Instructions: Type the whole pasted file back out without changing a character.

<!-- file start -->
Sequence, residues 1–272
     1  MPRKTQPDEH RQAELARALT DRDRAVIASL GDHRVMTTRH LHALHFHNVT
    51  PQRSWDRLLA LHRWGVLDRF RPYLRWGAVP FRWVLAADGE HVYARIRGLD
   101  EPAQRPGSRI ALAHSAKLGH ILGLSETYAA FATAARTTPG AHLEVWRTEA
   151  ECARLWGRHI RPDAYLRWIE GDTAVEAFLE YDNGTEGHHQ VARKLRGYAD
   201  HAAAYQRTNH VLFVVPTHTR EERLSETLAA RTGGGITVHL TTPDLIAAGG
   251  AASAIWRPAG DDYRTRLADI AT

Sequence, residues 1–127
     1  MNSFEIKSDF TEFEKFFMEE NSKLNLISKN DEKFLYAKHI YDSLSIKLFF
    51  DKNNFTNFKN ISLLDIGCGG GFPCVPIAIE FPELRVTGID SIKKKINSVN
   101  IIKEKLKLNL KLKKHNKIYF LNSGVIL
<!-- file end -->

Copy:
Sequence, residues 1–272
     1  MPRKTQPDEH RQAELARALT DRDRAVIASL GDHRVMTTRH LHALHFHNVT
    51  PQRSWDRLLA LHRWGVLDRF RPYLRWGAVP FRWVLAADGE HVYARIRGLD
   101  EPAQRPGSRI ALAHSAKLGH ILGLSETYAA FATAARTTPG AHLEVWRTEA
   151  ECARLWGRHI RPDAYLRWIE GDTAVEAFLE YDNGTEGHHQ VARKLRGYAD
   201  HAAAYQRTNH VLFVVPTHTR EERLSETLAA RTGGGITVHL TTPDLIAAGG
   251  AASAIWRPAG DDYRTRLADI AT

Sequence, residues 1–127
     1  MNSFEIKSDF TEFEKFFMEE NSKLNLISKN DEKFLYAKHI YDSLSIKLFF
    51  DKNNFTNFKN ISLLDIGCGG GFPCVPIAIE FPELRVTGID SIKKKINSVN
   101  IIKEKLKLNL KLKKHNKIYF LNSGVIL